- Published on
- 31st December 2014
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Val Davison, former Head of the National School of Healthcare Science and current Scientific Advisor to the National School, has been awarded an MBE in the 2015 New Years Honours List for services to genomic technologies. Val has contributed in many ways throughout her distinguished career as a scientist working in the NHS. She has contributed to research (more than 60 published papers), to service development (establishment and modernisation of two regional genetics services), to technological innovation (development and introduction of automated chromosome image analysis), and to policy (member of the Human Genomics Strategy Group). However, her most recent and significant contribution has been in the field of education and training, in particular the implementation of modernised training programmes for scientists, initially in genetics and then in the wider field of healthcare science.
Val first established the National Healthcare Science School of Genetics, and after running pilot programmes for two years she developed this into the National School of Healthcare Science, which she ran until December 2013. The impact of this work has been huge, establishing consistent and evidence based training programmes across 27 diverse scientific specialisms, with just under 1000 scientists currently in training for clinical roles within the NHS. In order to achieve this Val worked with multiple stakeholders, including professional bodies, medical Royal Colleges, the Department of Health, NHS employers, universities, Strategic Health Authorities and Local Education and Training Boards. This was successfully achieved, to a challenging timescale, whilst simultaneously developing and establishing a new organisation.
As a direct result of her work there are now programmes in place to develop and to train healthcare scientists able to work at the highest level in healthcare, understanding and advising on the most recent advances in technology and innovations in patient care, and with the flexibility and adaptability to work across patient pathways to enable efficient and high quality care. These programmes attract huge numbers of high quality applicants, more than 8000 during the current recruitment round for just over 300 places. The number of trainees requested by NHS employers has increased every year since 2011, indicating the value which is placed on these programmes. Like all major change processes this would not have been achieved without Val’s continuous, informed and dedicated work to engage with individuals and relevant groups. Her input in this area contributed to the recent Workforce Innovation Award received by the Modernising Scientific Careers team (Guardian Healthcare Innovation Awards 2013), which specifically recognised the “magnificent way they showed leadership in taking people with them”.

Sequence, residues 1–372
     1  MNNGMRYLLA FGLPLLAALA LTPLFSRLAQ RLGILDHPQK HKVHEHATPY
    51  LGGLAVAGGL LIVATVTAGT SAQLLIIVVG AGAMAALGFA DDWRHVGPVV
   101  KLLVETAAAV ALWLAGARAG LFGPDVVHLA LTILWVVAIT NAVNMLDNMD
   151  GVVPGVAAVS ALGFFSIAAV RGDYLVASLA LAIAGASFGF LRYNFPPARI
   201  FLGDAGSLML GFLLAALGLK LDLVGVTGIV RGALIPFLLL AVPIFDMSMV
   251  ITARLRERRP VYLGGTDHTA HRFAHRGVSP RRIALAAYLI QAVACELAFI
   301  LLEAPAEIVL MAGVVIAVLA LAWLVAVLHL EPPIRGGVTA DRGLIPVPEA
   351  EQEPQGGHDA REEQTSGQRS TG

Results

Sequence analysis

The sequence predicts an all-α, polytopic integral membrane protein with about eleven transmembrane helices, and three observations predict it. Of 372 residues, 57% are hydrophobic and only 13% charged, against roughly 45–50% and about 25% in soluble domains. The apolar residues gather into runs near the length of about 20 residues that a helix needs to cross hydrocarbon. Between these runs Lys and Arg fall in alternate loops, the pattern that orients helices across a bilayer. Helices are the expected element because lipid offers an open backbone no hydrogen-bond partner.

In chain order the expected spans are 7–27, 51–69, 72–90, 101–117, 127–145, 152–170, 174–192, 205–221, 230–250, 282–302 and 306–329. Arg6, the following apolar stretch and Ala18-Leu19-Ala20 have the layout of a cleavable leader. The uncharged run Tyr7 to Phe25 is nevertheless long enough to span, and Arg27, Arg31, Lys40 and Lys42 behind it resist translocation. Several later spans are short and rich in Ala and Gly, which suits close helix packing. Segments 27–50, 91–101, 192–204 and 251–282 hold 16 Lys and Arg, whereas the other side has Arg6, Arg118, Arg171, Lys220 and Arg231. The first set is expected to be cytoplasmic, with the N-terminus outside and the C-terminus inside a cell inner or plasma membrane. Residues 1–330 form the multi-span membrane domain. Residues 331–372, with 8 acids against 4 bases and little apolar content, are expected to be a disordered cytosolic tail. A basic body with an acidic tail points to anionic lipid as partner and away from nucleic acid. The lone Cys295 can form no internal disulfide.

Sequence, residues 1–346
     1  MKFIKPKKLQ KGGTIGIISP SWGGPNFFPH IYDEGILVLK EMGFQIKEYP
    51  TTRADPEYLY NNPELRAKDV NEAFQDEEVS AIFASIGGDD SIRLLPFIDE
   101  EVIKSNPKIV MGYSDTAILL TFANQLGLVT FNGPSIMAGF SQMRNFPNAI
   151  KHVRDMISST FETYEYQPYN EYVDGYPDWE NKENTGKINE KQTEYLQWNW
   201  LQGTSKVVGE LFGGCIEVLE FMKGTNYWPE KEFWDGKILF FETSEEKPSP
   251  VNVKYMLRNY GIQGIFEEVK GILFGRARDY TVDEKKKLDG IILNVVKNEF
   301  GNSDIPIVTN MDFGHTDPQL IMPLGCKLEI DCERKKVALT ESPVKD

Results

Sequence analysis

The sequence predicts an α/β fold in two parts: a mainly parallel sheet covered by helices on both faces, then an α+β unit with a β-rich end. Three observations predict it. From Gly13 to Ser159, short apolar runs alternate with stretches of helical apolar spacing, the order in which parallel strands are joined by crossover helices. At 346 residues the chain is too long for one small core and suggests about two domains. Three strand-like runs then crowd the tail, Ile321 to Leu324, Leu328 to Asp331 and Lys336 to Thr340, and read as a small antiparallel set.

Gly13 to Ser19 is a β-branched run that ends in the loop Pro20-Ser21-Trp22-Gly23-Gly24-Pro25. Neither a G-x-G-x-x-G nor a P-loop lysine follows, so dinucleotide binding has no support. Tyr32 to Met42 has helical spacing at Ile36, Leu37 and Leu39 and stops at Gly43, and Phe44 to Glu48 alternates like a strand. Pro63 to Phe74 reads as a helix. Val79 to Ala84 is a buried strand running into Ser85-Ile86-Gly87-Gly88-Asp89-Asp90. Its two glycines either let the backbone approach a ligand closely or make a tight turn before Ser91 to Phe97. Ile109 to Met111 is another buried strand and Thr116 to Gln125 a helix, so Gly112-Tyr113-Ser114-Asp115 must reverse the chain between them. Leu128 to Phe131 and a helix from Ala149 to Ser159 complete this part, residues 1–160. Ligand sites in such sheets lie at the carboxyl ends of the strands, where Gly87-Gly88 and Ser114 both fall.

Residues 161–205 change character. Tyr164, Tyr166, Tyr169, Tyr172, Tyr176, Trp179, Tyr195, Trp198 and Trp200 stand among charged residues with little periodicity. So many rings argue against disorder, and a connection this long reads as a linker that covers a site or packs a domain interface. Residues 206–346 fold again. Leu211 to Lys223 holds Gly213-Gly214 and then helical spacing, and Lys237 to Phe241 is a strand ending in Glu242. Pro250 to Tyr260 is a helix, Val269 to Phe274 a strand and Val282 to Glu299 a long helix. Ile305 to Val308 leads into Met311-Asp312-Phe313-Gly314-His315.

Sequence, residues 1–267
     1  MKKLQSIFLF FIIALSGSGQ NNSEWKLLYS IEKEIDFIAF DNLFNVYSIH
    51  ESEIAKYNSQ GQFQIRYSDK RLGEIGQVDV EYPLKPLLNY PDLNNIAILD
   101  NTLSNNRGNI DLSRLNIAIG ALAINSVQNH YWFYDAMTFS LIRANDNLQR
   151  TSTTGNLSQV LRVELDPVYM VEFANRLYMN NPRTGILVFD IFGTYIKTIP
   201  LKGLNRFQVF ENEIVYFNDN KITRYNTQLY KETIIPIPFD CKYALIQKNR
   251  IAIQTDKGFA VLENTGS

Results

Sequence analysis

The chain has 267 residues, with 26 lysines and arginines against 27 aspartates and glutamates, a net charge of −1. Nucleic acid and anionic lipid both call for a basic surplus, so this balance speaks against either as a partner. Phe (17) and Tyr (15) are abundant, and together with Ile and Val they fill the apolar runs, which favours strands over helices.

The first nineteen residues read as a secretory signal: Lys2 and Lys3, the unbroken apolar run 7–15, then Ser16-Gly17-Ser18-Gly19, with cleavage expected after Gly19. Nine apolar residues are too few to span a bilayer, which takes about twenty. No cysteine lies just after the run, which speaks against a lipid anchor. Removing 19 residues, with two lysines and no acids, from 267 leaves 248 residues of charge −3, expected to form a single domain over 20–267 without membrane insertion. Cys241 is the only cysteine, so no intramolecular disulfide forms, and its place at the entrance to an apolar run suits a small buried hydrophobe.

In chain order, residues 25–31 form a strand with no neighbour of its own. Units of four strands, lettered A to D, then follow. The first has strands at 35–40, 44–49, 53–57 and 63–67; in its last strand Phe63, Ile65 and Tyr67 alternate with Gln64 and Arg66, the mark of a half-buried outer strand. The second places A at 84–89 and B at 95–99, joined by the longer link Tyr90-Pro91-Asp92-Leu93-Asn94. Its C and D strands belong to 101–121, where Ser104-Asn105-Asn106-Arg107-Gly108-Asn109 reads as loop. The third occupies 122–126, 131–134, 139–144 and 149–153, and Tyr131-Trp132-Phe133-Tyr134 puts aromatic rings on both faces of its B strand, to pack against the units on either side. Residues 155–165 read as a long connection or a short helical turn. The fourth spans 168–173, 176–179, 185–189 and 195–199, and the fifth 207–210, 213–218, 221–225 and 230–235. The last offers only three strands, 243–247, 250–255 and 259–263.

Val has received many awards to recognise her unique role, including the Chief Scientific Officer’s award for Leadership in 2009, and being named by the Health Service Journal as one of the 50 Inspirational Women in the NHS in 2013. She has twice been a council member of the Association of Clinical Cytogenetics, as well as the British Society for Human Genetics, she has acted as an inspector for the National Clinical Pathology Accreditation programme since 1994, she is a member of the Board of Directors of the European Cytogenetics Association, and a member of the Human Genomics Strategy Group.